The Iranian marathon to freedom

April 3, 2011

From the March-April 2011 issue of News & Letters:

After nearly 14 months of apparent “quiescence,” once again Iranian cities erupted into street demonstrations, shocking the powers that be who had imagined, in their false consciousness, that the movement is all but dead!

Thus on Feb. 14 hundreds of thousands in cities throughout Iran came out to express their solidarity with the Tunisian and Egyptian revolutions in the only meaningful way possible: mass opposition against our own despotic rulers. Clearly, the revolutionary transformations engulfing the entire Middle East served as an impetus to re-energize Iranian people, especially the women and the youth.

Because Iran’s equivalent of the “Day of Rage” was announced in advance, the riot police, the Basij and the Guards were out in full force. In anticipation of mass occupation of city squares, as in Egypt’s Tahrir Square, these security forces were stationed in all major squares. Using tear gas, batons and even live ammunition, they went on the offensive to prevent the people from coalescing in any one location. After hours of street battles, two people lay dead, hundreds were arrested, and thousands beaten and injured.

One must bear in mind the awful might of Iran’s ruthless security apparatus to fully appreciate the resilience, the bravery and the determination of the masses and their creativity in the way they mobilized themselves without any access to traditional media, even as the state’s cyber army shut down the internet, disrupted SMS, and sent text messages en masse calling off the demonstrations.

Unmistakable in the demands and creative slogans of demonstrators was the call for outright revolution. By naming Iran’s Ali Khamenei as the next tyrant to go after Tunisia’s Ben Ali and Egypt’s Mubarak, they brought forth a new stage in Iran’s popular revolt for freedom. Faded in the background now is Ahmadinejad as a mere caretaker president, as well as initial demands for counting their votes after the mock elections of 2009.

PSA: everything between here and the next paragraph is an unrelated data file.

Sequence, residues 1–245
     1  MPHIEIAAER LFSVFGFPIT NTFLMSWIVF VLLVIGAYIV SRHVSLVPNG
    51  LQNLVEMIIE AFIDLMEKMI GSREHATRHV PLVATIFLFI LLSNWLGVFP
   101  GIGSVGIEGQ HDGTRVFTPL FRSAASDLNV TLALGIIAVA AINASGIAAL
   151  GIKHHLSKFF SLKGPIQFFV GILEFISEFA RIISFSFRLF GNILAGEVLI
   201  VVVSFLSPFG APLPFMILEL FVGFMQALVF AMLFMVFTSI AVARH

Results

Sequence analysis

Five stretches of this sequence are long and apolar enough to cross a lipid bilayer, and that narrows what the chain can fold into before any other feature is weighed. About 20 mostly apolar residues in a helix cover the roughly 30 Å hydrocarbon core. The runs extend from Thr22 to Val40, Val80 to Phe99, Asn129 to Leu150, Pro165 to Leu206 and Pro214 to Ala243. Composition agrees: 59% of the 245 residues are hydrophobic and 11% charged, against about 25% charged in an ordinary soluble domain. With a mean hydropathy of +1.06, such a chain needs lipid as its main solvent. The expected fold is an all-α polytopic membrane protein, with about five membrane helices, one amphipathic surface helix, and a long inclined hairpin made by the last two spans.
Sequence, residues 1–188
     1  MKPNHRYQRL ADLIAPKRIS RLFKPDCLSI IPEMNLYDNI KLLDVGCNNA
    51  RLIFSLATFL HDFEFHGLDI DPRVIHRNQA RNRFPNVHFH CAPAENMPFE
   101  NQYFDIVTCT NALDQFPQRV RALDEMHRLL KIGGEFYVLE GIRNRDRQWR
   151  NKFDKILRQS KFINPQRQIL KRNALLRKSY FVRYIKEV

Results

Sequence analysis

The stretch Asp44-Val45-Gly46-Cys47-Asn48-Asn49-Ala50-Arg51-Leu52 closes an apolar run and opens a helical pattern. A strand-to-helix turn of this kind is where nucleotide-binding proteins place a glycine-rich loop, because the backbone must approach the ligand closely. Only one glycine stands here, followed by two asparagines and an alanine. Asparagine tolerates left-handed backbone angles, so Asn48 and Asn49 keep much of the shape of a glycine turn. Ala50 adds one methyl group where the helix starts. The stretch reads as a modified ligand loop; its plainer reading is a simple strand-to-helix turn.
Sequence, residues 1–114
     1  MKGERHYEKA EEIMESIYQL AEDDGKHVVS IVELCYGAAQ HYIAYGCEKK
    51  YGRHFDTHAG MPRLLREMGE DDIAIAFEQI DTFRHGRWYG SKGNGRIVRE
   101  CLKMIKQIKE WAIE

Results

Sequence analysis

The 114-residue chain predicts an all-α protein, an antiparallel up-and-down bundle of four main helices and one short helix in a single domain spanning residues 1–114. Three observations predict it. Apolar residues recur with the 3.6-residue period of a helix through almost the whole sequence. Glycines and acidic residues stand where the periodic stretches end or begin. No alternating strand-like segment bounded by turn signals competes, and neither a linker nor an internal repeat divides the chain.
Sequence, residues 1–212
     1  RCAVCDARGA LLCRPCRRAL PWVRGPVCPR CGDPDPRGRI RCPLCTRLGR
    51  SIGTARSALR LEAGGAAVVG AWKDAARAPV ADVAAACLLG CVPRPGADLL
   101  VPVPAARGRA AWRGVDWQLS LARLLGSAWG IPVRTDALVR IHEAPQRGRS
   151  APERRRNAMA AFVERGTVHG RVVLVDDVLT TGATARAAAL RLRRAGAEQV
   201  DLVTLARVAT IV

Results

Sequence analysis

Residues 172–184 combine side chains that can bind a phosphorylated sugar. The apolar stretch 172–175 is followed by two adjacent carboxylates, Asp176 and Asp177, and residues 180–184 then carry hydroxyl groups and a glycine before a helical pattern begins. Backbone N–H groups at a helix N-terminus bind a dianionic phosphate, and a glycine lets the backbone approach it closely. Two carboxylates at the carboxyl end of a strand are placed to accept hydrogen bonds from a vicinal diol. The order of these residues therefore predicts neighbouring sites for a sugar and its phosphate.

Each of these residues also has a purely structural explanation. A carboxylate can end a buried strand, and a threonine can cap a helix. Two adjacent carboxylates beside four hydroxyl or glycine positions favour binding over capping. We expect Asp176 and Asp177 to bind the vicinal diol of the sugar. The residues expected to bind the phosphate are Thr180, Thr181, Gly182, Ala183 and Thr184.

As I wrote in the January-February 2010 N&L (see “Iran: Ashura revolt shakes regime“), the ‘Ashura’ uprisings of Dec. 27, 2009, signified a turning point because on that day the masses found, once more, the Spirit of Revolution, thereby surprising even themselves! Its ruthless and bloody suppression only managed to drive it “underground.”

Thus the “interlude” between then and now, far from pacifying the opposition, or displaying fear of the state’s shameless rule by the sword, proved to be a period of collective recollection during which society discovered a new content for itself. What appeared as society’s “retreat” behind that turning point, was in truth the moment when its thinking spirit was engaged in creating for itself a new revolutionary point of departure.

As Karl Marx defined it so magnificently: “proletarian revolutions constantly criticize themselves in their own course, return to the apparently accomplished in order to begin anew… they recoil from the indefinite colossalness of their own goal, until a situation is created which makes all turning back impossible, and the conditions themselves call out: Hic Rhodus, hic Salta!

The new Iranian Revolution is thoroughgoing; it is not a sprint but a marathon!


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